Posted on January 21, 2016 in Administrative Law
The "what ifs" of life tend to predominate; then, from the deep recesses of brute carnality, where evolutionary Darwinism remains wired in the DNA of a time when civilizations were yet to flourish, and where tea cups were merely in the imaginations of more genteel souls, a sense of uprightness, fortitude and strength of inner character dawns, and we walk out the door refreshed with a sense of deliberative purpose. But it turns out that such fleeting flourishes of fortuitous firmness lasts but for a twilight, and then we desire to crawl back into the womb of our former skeletal selves. Fear is how most of us live, despite the outward face of bravado and confidence. We fear what others might do to us; how the economy is a mysterious force over which we have no control; of deteriorating health; of life itself. Then, there are days when a calm sense of overconfidence prevails; without any reason or rationale, or perhaps we watched a movie or television show where a certain character manifested a bright and hopeful sunshine of unperturbed calm; but that was yesterday, and lasted but for a fortnight of winks and nods. For the remaining days, we recognize that it was all an act; and so we live in trembling and fear. For the Federal employee and U.S. Postal worker who suffers from a medical condition, such that the medical condition begins to impact the Federal or Postal employee’s ability and capacity to perform the essential elements of one’s Federal or Postal position, that placement on the spectrum between fear and overconfidence is well know, recognized, and familiar as the warmth of a mother’s caress. What the agency will do; what coworkers conspire; what the next news of the deteriorating medical condition; these all fall in favor of the "fear" side of the spectrum. Those "other" things which call for confidence in the future over and beyond — they come in a spatter of popping grease, and make us wince with the momentary pause of a tap of reality, and then disappear. How does one escape that spectrum of unrelenting reminders? For the Federal employee and U.S. Postal worker, there is always the option of filing for Federal Disability Retirement benefits with the U.S. Office of Personnel Management. Obtaining a Federal Disability Retirement annuity is not merely a benefit to be gained; rather, it is an opportunity to take the next step in life, to a beyond where future career and vocation choices may allow for productivity outside of the Federal Sector. Thus, for the Federal or Postal worker who is under FERS, CSRS or even CSRS Offset, preparing, formulating and filing for an effective Federal Disability Retirement application is the first step towards taking a turn away from the treadmill of that dreaded pinpoint of our lives, where we are stuck in the middle of the spectrum between fear and overconfidence.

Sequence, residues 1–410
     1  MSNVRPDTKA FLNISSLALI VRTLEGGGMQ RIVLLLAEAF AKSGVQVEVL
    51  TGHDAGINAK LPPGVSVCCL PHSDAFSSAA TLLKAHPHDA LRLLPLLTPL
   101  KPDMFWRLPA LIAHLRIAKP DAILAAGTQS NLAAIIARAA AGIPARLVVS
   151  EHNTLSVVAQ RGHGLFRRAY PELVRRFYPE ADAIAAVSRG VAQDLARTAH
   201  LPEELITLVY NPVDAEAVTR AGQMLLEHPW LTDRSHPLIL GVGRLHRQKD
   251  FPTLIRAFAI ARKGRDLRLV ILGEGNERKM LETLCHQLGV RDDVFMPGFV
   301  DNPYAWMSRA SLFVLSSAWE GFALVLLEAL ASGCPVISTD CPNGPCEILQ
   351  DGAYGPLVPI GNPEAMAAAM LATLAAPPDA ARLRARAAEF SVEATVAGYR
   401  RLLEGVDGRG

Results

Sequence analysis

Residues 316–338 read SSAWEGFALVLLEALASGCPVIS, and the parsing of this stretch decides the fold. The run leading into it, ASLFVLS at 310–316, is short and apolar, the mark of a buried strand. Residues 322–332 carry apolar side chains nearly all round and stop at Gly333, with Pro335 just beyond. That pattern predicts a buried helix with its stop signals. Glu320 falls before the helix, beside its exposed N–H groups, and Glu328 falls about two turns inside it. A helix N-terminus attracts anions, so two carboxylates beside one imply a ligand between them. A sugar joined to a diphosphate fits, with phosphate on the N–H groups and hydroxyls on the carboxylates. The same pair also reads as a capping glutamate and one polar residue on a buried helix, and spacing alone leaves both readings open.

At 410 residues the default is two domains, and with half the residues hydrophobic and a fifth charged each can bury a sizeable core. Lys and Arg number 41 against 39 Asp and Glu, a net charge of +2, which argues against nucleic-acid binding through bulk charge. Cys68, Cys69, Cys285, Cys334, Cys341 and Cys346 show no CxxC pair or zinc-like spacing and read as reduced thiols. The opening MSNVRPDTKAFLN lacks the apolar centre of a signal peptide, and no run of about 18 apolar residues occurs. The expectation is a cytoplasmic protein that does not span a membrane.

Sincerely, Robert R. McGill, Esquire